Category Archives: General

Articles about Amateur Radio and the Nashua Area Radio Society. This is a general category which includes most articles on our website.

Sights from the New England Tech Trek (NETT) at NEAR-Fest

We have been doing Amateur Radio open house activities as part of our High-Altitude Balloon projects and Kids Day for some time now. These events help young people to learn about and have fun with Amateur Radio and help us to create a STEM learning experience based upon Amateur Radio.

ARRL Kids Day 2018
ARRL Kids Day 2018

Earlier this year, we began working on a project to scale our open house activities up to become an activity that we could host at local Ham Fests. We wanted to expand the scope of this activity to appeal to young people and all Hams to provide an opportunity to learn about Amateur Radio and to showcase some of the modern, “high-tech” aspects of the Amateur Radio Service. This project was debuted at the NETT event at NEAR-Fest.

Young People at NETT
Young People at NETT

Concurrently, Bill Barber, NE1B who is a Nashua Area Radio Society (NARS) member began working on a youth outreach event for the NEAR-Fest event held in Deerfield, NH. We got together with Bill, the NEAR-Fest leadership, and others to create the New England Tech Trek (NETT) at NEAR-Fest. We held our first NETT event earlier this month.

NETT Banner
NETT Banner at the Display Entrance

NARS contributed 10 displays to the initial NETT event including:

We were able to secure the N1T Special Event callsign for the event and we used it to make over 450 contacts on a combination of the four GOTA stations that we had at NETT. We should have our NETT Special Event QSL cards back from our printer shortly.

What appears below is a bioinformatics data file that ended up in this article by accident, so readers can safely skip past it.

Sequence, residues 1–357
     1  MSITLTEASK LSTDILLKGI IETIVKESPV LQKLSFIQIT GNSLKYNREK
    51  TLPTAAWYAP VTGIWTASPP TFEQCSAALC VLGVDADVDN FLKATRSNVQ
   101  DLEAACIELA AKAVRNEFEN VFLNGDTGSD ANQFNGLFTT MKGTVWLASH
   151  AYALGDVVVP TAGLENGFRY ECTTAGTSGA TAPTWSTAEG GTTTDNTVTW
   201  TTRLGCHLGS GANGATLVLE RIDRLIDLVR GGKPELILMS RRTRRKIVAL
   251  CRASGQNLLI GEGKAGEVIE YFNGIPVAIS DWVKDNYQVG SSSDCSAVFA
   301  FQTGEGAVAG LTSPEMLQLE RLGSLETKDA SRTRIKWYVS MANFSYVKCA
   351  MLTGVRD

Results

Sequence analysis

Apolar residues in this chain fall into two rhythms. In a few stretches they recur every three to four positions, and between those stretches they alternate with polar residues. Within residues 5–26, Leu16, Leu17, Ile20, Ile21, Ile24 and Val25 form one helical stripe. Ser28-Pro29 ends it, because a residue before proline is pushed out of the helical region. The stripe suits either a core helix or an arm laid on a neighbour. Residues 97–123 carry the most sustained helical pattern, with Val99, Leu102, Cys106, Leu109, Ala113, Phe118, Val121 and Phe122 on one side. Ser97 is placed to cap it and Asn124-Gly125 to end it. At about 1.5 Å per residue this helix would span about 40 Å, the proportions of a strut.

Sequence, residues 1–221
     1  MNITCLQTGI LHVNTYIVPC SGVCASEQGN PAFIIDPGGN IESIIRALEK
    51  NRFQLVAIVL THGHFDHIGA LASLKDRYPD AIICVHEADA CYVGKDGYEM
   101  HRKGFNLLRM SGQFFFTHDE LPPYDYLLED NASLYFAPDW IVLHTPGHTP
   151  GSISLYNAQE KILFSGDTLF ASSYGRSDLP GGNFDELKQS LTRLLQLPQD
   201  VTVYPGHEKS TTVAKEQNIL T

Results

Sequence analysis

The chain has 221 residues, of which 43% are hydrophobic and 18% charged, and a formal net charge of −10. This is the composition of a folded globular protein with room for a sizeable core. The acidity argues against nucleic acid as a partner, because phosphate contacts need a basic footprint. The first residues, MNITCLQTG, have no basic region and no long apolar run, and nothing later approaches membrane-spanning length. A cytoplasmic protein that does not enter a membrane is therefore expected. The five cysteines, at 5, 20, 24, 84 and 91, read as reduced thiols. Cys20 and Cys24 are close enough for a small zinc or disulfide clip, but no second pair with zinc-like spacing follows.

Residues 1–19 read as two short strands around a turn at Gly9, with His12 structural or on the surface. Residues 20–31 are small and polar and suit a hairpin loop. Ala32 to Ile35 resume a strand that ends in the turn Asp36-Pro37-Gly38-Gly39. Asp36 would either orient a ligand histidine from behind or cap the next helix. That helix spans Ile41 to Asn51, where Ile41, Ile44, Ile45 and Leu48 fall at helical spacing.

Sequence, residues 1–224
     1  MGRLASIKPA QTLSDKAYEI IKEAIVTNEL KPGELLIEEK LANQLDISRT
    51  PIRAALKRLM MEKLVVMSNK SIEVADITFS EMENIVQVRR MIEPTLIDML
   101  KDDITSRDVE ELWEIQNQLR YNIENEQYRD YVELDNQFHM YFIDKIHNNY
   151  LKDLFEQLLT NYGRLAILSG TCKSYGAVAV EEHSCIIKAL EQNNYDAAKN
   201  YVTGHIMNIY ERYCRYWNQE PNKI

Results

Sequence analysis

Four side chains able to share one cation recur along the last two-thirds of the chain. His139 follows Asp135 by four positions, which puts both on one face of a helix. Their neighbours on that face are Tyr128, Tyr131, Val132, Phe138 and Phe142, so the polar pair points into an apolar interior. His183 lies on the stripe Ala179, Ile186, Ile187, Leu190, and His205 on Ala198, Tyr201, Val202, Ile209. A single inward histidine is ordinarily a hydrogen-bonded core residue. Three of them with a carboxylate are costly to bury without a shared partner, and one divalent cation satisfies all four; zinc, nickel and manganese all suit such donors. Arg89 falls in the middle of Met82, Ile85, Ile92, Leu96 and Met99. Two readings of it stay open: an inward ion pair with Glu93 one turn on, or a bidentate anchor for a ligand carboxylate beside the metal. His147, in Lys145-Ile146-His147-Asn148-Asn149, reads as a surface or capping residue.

Our GOTA Stations were among the most popular elements at NETT. Burns, WB1FJ ran our satellite GOTA station. He even managed to create a pileup or two as N1T on the birds!

NETT: Satellite GOTA
Satellite GOTA

Quite a few folks made satellite contacts using N1T .  Also, the satellite station antennas which were located outside the display building were interesting to many folks.

NETT: Satellite Antennas
Satellite Antennas

Our Remote HF GOTA Stations featured FlexRadio Maestros and a nice DXing and Station Building Display. Dave, K1DLM and myself, AB1OC made our stations available to support the two HF GOTA setups and NETT.


Ira, KC1EMJ helped several young folks to make their first HF contacts and Abby, AB1BY anchored our special event N1T station using the second setup.

NETT: N1T Special Event Station
N1T Special Event Station

The SDR-based remote stations and our Satellite GOTA helped us to demonstrate some of the “Hi-Tech” aspects of Amateur Radio to young people and to all Hams who attended NEAR-Fest. We live streamed our GOTA activities to Facebook so that the folks who worked us could see our operation in real-time.

Tony, KC1DXL hosted our display on High Altitude Balloons (HAB) carrying Amateur Radio. The HAB display got lots of interest from the folks who attended NETT.

NETT: High Altitude Balloon Display
High Altitude Balloon Display

Jamey, AC1DC and Connor, KC1GGX put together our displays on Fox Hunting, Morse Code, and portable operating. Their displays provided a great introduction to these activities.

NETT: Fox Hunting Display
Fox Hunting Display

Anita, AB1QB and Tom, AB1NS created a nice display on kit building and Raspberry Pi projects in Amateur Radio. This display was a popular one as well.

NETT: Kits and Computers Display
Kits and Computers Display

Bill, NE1B also engaged several other groups who provided displays at NETT. The Robotics and Drone  were among other popular displays.

NETT: Robots 1
Robots Display at NETT

The following photo archive contains some pictures from the event. There are many good memories there.

NETT BannerNETT: N1T QSL CardYoung People at NETTNETT: N1T Special Event StationNETT: HF GOTANETT: Satellite DisplayNETT: Satellite GOTANETT: Satellite AntennasNETT: Mobile HF N1TNETT: Kits and Computers DisplayNETT: Fox Hunting DisplayNETT: High Altitude Balloon DisplayNETT: Robots 1NETT: Robots 2NETT: NWS HAB DisplayNETT: Field Day - EMCOM DIsplay